William H. Frey marks the slow, steady decline of segregation:
The average white resident, for example, lives in a far less diverse neighborhood—one that is more than three-quarters white—than residents of any other group. Nonetheless, the average white person today lives in a neighborhood that includes more minorities than was the case in 1980, when such neighborhoods were nearly 90 percent white. Moreover, the average member of each of the nation’s major minority groups lives in a neighborhood that is at least one-third white, and in the case of Asians, nearly one-half white.
He expects the continuation of these trends:
Population shifts that are bringing Hispanics and Asians to previously whiter New Sun Belt and Heartland regions will most certainly continue to alter the neighborhood experiences of these groups by bringing them into more contact with whites. The nation’s blacks are moving onto a path that more closely follows that of other racial minorities and immigrant groups as more blacks move to more suburban and integrated communities. The broader migration patterns are moving in the direction of greater neighborhood racial integration, even if segregation is far from being eliminated.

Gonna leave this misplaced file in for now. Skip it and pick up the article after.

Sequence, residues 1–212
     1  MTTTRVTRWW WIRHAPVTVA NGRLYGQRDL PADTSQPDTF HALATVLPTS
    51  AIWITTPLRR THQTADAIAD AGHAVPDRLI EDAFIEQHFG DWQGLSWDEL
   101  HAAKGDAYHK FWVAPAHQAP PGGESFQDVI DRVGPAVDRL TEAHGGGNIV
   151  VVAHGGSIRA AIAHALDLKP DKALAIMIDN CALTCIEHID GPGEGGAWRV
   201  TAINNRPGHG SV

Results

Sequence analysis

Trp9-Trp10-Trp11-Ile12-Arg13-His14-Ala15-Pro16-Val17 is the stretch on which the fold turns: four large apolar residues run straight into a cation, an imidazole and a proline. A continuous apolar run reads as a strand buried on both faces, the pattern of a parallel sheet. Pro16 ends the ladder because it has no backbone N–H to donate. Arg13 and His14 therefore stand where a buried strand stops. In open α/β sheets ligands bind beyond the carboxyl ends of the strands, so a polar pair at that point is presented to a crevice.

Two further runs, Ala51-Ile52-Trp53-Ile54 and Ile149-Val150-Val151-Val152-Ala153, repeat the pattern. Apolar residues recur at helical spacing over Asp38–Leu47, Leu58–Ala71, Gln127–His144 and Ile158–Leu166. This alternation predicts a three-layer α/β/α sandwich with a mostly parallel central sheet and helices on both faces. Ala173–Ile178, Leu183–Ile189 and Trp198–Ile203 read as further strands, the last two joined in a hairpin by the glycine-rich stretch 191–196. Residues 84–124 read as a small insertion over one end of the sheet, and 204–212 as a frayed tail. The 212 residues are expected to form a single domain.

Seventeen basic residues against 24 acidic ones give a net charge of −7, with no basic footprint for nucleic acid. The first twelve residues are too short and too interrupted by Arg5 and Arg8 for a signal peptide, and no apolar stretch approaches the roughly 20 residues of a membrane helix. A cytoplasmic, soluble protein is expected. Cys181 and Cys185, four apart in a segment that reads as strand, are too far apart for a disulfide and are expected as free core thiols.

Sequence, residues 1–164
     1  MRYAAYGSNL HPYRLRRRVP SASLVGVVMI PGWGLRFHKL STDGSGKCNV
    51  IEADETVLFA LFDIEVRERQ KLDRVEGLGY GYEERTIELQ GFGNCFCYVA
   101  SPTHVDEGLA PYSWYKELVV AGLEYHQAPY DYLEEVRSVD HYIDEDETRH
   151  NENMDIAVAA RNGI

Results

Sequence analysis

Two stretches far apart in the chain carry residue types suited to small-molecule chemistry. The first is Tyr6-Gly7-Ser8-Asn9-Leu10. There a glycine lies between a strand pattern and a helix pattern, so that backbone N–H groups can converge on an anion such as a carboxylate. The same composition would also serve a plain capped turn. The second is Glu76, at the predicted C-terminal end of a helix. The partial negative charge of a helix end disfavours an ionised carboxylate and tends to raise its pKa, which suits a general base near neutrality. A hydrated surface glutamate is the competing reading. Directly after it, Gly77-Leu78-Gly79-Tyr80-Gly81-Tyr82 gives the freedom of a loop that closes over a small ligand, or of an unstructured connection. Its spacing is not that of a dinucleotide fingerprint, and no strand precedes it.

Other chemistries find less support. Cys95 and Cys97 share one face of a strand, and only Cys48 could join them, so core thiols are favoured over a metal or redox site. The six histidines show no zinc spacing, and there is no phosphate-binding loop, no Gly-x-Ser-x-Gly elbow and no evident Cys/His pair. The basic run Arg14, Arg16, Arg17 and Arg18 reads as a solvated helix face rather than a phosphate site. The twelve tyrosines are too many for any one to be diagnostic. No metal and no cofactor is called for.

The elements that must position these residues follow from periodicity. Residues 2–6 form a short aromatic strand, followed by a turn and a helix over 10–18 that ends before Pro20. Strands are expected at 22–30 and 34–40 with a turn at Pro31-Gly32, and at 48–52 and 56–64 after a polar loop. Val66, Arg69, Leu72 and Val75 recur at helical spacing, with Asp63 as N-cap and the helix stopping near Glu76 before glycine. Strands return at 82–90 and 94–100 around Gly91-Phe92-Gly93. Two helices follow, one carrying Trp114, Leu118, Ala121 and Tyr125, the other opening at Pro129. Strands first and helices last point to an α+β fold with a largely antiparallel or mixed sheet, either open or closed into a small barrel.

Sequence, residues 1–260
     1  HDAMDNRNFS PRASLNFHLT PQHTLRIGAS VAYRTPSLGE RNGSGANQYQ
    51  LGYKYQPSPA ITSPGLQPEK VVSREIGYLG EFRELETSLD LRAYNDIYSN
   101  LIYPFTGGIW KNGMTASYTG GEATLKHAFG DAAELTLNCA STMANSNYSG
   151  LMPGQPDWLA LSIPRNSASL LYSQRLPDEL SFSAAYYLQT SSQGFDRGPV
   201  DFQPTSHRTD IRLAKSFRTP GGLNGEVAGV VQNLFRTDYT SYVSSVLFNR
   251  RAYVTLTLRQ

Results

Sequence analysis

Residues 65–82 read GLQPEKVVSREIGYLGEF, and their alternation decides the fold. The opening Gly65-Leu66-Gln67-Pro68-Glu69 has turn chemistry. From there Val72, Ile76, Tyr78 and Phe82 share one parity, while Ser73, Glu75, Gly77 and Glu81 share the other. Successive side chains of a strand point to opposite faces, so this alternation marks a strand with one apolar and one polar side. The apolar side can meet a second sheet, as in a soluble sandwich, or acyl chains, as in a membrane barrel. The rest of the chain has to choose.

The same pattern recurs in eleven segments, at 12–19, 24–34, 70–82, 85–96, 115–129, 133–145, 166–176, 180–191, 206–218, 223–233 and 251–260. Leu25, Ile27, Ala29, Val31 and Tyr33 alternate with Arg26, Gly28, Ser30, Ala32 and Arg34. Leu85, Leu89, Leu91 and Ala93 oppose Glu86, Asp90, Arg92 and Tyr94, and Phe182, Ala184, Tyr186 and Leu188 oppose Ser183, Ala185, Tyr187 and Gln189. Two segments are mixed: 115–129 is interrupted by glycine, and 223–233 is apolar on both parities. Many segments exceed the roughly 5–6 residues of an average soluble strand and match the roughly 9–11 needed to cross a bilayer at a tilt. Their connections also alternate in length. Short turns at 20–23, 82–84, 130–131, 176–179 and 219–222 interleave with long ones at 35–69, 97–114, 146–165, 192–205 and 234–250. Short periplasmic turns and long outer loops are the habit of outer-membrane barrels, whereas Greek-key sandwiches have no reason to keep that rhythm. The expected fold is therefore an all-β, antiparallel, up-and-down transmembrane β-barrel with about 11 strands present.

And then it seems to me you have to factor in the increasing number of interracial marriages:
What Chris Rock was referring to with respect to his young daughters is the impact of this big generation of non-white babies. They’ll form yet another new minority – alongside Hispanics and Asians – until all such non-white minorities become a majority in 2050. At some point, it is conceivable that “race” will become so alloyed and meaningless a term it could become irrelevant, or that racism will become more nuanced and diffuse, revealing new variously-hued racial coalitions and identities. Or that at some point, the whole fixation with race will begin to dissipate and disappear in the face of our experience of our common humanity.
Yes, I can hope. And after Ferguson, it feels important to do so.